U-Haulin’

My Return to Hell House is one of the better visits to my childhood home. My father isn’t here. His mistress isn’t here. My aunt and friends are here. The main prize is here: my parents’ nearly new washer/dryer. Last month, my brother looked the machines over and wished we could take them back to his place with our mother Iris (not her real name). Money’s tight—especially with this stunt our father pulled—and their washer no longer spins all the water out of their clothes. Sopping wet laundry will be a bigger problem now that Iris is moving in temporarily as we sort out her care. That moment I made a vow:

 

As God is my witness, I will get that washer/dryer to my brother and sister-in-law.

We load the U-Haul with surprisingly few things. The washer/dryer first. The mattress and box spring. A small combination lamp/table. About a dozen boxes and a few small items. That, and the clothes and personal items we moved last month, are all my mother is leaving with after forty-two years of marriage.

 

Some things have disappeared since our last visit. Our father has removed the food from the fridge and pantry, the closets and bedroom furniture are not quite empty but not as full either. No one lives here.

 

“My client says his wife has been accusing him for years of having an affair, but it’s not true,” opposing counsel told our lawyer a few days ago.

 

My father’s lie is staggering, both because it’s unnecessary (Florida is a no-fault divorce state; his affair impacts the divorce not at all) and because it’s cruel. How dare he make my mother sound crazy in order to deny the very thing he’s doing?

 

What else has he falsely accused her of?

 

We finish loading as the sun sets. I head out to dinner with a friend and her husband, catching up on twelve years’ of our lives. I laugh more than I have in a long, long time. Then I tell the story of how my marriage ended. I’ve known this friend since I was nine. We went through school together, through college. She knows The Ex. I admit his infidelities shouldn’t have been a surprise given what we knew about him in college. She cuts through my fumbling and shame to comfort me.

 

“We all thought he loved you,” she says. “We all thought he’d changed.”

 

Her husband gives me a sardonic look and I plead youth. But my nineteen-year-old, romantic-comedy-addled brain makes me cringe.

 

This morning I wake up late and cold, there’s been a rare freeze overnight and it’s fifty-nine degrees in my aunt’s house. I hug her goodbye and drive off in a U-Haul loaded with my mother’s few possessions. Here we are linking together, functioning as a team, to handle this crisis. If we can do this, why is my family falling apart?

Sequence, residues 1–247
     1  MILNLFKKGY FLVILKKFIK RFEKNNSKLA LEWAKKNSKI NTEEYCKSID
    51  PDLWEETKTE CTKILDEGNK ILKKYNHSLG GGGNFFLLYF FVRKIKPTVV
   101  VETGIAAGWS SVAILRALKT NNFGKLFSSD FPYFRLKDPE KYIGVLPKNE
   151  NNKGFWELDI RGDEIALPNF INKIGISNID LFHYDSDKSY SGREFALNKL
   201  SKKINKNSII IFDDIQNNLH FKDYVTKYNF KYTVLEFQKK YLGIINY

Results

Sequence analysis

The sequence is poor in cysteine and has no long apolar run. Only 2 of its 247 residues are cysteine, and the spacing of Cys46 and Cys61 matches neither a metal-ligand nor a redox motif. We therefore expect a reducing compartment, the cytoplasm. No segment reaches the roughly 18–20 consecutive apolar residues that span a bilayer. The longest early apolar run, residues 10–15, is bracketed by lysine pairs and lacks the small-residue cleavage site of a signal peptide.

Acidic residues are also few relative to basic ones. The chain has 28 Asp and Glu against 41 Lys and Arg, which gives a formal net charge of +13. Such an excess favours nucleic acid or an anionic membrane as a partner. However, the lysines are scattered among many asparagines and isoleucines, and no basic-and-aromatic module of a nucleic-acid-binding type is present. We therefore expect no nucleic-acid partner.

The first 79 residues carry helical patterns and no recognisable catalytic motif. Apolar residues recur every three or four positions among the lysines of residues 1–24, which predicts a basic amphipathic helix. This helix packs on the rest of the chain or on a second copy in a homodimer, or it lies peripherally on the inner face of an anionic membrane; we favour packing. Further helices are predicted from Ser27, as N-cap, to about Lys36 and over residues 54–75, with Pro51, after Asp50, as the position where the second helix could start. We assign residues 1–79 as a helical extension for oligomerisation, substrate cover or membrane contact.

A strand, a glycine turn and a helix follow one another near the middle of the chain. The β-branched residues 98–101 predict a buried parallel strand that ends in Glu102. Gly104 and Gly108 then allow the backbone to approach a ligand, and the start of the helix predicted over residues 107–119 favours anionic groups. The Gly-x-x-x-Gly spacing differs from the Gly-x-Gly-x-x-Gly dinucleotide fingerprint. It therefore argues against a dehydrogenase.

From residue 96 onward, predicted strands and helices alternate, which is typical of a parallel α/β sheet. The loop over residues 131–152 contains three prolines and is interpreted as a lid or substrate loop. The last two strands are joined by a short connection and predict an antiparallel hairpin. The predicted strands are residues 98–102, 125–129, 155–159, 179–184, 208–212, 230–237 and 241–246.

Although I’m driving a puny ten-foot U-Haul, I’m nervous. I tell myself to chill. When I was twenty, the Ex and I drove a fifteen-foot U-Haul with attached car from Florida to California. The truck shimmied if we went over 55mph. At least that’s how I remember it. Back then, we could have been saying, “Whoa. This thing shakes when you hit eighty-five. Better keep it below eighty.”

 

Then again, maybe not. About an hour and a half into today’s drive, I discover this U-Haul won’t go faster than 75mph. If I need a little juice to pass someone, it ain’t gonna happen. I decide to stay out of the left-hand lane.

 

On that long ago trip, as well as this one, I spent a lot of time flipping through radio channels. Back then, every hour or so we hit a new radio area and at least one channel was playing Alanis Morrissette’s You Oughta Know. It became the theme song of our cross-country trip.

 

“She scares me,” The Ex would say.

 

“I like her,” I always replied, cackling at the implied threat in my favorite lyrics: Does she know how you told me / You’d hold me until you died / ‘Til you died, but you’re still alive.

 

I find the song on my iPhone and blast it though the tinny speakers. It could be the theme song for the end of our relationship, too.

 

I roll into Georgia. My mind wanders; I miss the welcome sign, but I know where I am by the billboards advertising “Asian Bed and Breakfast Spa” and “Jade Spa” and “Asian Massage”—managing to be both racist and exploitive. I have a little fantasy that every man who visits one of these places has his dick turn green and fall off. One “spa” billboard shows a fist thrusting through a circle or hole. Either that’s a coded message about their services or I’ve got an incredibly dirty mind.

 

Exiting the freeway, I pull into a gas station. On the other side of the pump, a good-looking blond guy says, “Moving?”

 

“No, just moving my mother’s stuff up to Georgia.”

 

“She’s going to live with you?” he asks.

 

“With my brother for now. I’m just in charge of the stuff.”

 

“I love my mother to death,” he grins, affection obvious in his voice. “But living with her would drive me crazy.”

 

I smile back but I want to tell him to count his blessings. Annoying she may be, but she’s no doubt a mom. Iris’s cognitive disabilities make a mother-daughter type bond impossible; our roles reversed when I was young. Her mental illness diagnosis doesn’t explain everything. We’re hoping that the upcoming psychological assessments will help us understand what’s been going on all these years … and what to do now that we’re responsible for her care.

 

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